Lifesaving medicines are frustratingly unavailable to millions of women and children each year. Frank Naqvi, Photoshare
When was the last time you heard a woman say, “I went to the hospital to have my baby, but they sent me to the drug shop down the street to buy supplies?” Or a health worker say, “I knew what medicine my patient needed, but I haven’t had that medicine for months?”
If you live in the U.S. or any other developed country, you’ve probably never heard this, or would think this woman and health worker were joking. But for women, families, and providers in developing countries, these stories and others are all too common…and it’s definitely not a joke. As my colleague, Mary Ellen Stanton, eloquently captures in her post earlier this week on Saving Mothers, Giving Life, lifesaving medicines are frustratingly unavailable to millions of women and children each year. It is unimaginable that simple and affordable medicines could save millions of lives, yet are still so far out of reach for millions.
The medicine oxytocin is needed to prevent and treat severe bleeding after childbirth. Oral rehydration salts (ORS) and zinc are needed to prevent deaths from childhood diarrhea. And family planning commodities are needed to ensure women and their families can decide when or whether to have children – all key factors in maternal and child survival.
Over the past few years, I’ve been working on access to maternal health medicines or commodities. During this time, I’ve learned that the issues related to lack of availability, access, and demand for maternal, newborn, and child health and family planning commodities have many causes, including lack of manufacturers; lack of quality control at many points in the supply chain; providers are unfamiliar with or untrained in newer medicines or equipment; supplies don’t reach the “last mile” to remote health centers; and people don’t know that treatments are available.
But I’ve also learned that these are not insurmountable challenges. Commodities of various types do reach distant and hard-to-reach areas. One often cited example is Coca-Cola, a beverage enjoyed by millions every day, which is both affordable and available even in the most remote villages. You can actually get a Coke in remote Tshikaji, DRC!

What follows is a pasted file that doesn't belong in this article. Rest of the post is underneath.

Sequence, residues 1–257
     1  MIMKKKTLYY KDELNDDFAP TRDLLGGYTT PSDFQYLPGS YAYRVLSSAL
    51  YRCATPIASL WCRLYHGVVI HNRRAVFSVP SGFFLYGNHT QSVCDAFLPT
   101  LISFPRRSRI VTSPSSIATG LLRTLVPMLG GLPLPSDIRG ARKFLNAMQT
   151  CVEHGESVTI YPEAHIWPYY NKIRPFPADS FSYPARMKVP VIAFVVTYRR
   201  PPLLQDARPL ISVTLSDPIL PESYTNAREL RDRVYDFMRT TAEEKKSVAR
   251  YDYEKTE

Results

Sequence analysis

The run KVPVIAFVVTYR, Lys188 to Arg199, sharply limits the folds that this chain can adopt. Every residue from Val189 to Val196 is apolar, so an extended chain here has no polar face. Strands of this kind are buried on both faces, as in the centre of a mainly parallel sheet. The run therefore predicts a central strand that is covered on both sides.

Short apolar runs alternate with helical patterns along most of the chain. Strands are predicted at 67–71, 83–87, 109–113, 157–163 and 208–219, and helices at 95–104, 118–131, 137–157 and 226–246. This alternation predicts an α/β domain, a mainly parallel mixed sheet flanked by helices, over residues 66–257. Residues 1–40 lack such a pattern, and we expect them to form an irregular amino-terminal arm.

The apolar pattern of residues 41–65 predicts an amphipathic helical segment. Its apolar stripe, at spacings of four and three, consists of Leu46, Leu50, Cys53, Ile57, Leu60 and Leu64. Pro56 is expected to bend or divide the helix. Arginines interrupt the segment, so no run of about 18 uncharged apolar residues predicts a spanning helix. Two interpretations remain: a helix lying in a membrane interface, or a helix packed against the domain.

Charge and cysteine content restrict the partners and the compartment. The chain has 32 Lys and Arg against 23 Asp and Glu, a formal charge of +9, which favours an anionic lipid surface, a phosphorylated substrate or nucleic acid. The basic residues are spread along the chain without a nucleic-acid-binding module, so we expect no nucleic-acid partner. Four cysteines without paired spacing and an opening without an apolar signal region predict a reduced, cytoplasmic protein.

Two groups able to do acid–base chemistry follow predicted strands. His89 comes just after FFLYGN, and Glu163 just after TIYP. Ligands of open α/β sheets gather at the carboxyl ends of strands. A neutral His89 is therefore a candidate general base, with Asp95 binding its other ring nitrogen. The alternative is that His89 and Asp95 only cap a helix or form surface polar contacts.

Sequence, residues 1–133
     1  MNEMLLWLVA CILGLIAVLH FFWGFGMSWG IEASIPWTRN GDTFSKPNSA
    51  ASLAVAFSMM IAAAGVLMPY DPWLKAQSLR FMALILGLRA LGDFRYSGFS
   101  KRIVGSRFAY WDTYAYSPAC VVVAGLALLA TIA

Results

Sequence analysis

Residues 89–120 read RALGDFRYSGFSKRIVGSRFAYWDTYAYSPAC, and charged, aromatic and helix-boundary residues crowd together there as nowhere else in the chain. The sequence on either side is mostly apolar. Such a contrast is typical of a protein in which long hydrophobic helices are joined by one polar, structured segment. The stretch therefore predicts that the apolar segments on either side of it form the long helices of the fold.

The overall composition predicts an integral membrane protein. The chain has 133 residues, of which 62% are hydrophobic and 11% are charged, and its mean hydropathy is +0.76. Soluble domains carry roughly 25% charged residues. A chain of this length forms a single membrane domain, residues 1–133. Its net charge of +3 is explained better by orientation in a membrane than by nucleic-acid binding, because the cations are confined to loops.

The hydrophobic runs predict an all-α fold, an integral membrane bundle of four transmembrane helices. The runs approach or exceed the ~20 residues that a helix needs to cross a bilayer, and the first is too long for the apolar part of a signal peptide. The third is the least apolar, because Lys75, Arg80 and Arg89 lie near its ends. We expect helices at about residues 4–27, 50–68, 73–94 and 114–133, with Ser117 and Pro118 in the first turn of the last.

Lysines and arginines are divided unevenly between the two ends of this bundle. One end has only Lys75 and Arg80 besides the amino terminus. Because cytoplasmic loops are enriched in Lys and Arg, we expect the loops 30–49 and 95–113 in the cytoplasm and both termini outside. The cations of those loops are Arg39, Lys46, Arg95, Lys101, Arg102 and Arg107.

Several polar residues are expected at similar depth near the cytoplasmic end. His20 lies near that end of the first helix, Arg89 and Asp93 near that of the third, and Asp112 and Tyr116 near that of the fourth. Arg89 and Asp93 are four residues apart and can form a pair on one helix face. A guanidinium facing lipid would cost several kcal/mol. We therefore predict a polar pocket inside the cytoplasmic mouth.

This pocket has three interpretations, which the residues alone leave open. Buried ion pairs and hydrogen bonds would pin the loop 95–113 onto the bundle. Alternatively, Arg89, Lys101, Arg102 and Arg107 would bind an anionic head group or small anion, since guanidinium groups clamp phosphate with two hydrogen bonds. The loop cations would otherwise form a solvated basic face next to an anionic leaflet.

And now, we are seeing renewed commitment among donors, country governments, and other stakeholders to make lifesaving health commodities accessible, affordable and available to millions of women, children and families around the world.
Today, the UN Commission on Life-Saving Commodities for Women and Children released 10 bold recommendations which, if achieved, will ensure women and children will have access to 13 life-saving commodities.
USAID’s long term, strategic vision looks to integrate these life-saving commodities as part of the next steps to other key efforts, like the Child Survival Call to Action and London Summit on Family Planning, in order to increase the speed at which we scale-up in host countries. It is important that we learn from our experiences and successes in getting vaccines and malaria, HIV/AIDS, and family planning commodities into the hands and homes of those most in need. Additionally, we need to integrate systems across commodities to better and more efficiently serve women and children everywhere, and scale up programs to have nation-wide impact.
Country leadership is also a vital component to successfully addressing many of the Commission’s recommendations. Getting pallets of commodities in warehouses is just one step. Medicines and drugs must reach people, and health care workers have to be present and skilled to administer them.
With our host country partners in the lead, we are working to strengthen supply chains for commodities, which include use of mHealth solutions; support local market shaping; improve the quality of medicines; and increase demand by mothers for necessary medicines. This needs to happen if we are to ensure the poorest and most vulnerable women and children have the commodities they need.
These two themes, integration and country ownership, form the cornerstones of our work. My hope is that someday soon, I’ll walk past a market in a remote part of Africa with fully stocked shelves of Coke, and into a health clinic fully stocked with life-saving commodities and medicines.